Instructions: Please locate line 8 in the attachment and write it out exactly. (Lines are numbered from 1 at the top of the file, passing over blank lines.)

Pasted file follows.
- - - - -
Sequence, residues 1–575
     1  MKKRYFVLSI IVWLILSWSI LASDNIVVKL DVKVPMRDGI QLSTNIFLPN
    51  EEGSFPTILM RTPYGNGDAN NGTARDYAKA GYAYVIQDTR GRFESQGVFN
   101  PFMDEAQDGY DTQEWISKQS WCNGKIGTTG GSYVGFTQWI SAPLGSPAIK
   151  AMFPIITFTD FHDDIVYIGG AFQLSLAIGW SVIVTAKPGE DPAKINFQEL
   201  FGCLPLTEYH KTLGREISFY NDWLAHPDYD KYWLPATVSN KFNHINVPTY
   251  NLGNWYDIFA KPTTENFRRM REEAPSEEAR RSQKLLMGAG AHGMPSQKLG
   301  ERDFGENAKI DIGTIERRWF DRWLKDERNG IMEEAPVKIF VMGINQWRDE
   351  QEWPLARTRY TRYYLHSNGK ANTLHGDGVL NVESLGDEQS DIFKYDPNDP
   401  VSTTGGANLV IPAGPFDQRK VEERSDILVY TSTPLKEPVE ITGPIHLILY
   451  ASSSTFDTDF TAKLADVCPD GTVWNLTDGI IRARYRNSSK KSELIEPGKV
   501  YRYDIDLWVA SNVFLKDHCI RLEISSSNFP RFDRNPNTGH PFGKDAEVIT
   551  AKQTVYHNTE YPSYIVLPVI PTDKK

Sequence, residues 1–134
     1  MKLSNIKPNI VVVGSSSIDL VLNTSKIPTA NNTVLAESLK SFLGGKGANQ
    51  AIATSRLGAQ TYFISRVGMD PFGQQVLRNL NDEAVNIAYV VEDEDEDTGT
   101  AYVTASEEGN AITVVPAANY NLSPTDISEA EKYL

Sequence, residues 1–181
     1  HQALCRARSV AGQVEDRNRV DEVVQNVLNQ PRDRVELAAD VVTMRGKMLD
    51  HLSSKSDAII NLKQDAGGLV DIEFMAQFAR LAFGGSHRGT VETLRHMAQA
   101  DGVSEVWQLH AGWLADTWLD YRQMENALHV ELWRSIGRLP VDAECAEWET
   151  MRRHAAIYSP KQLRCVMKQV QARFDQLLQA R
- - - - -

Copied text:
   301  ERDFGENAKI DIGTIERRWF DRWLKDERNG IMEEAPVKIF VMGINQWRDE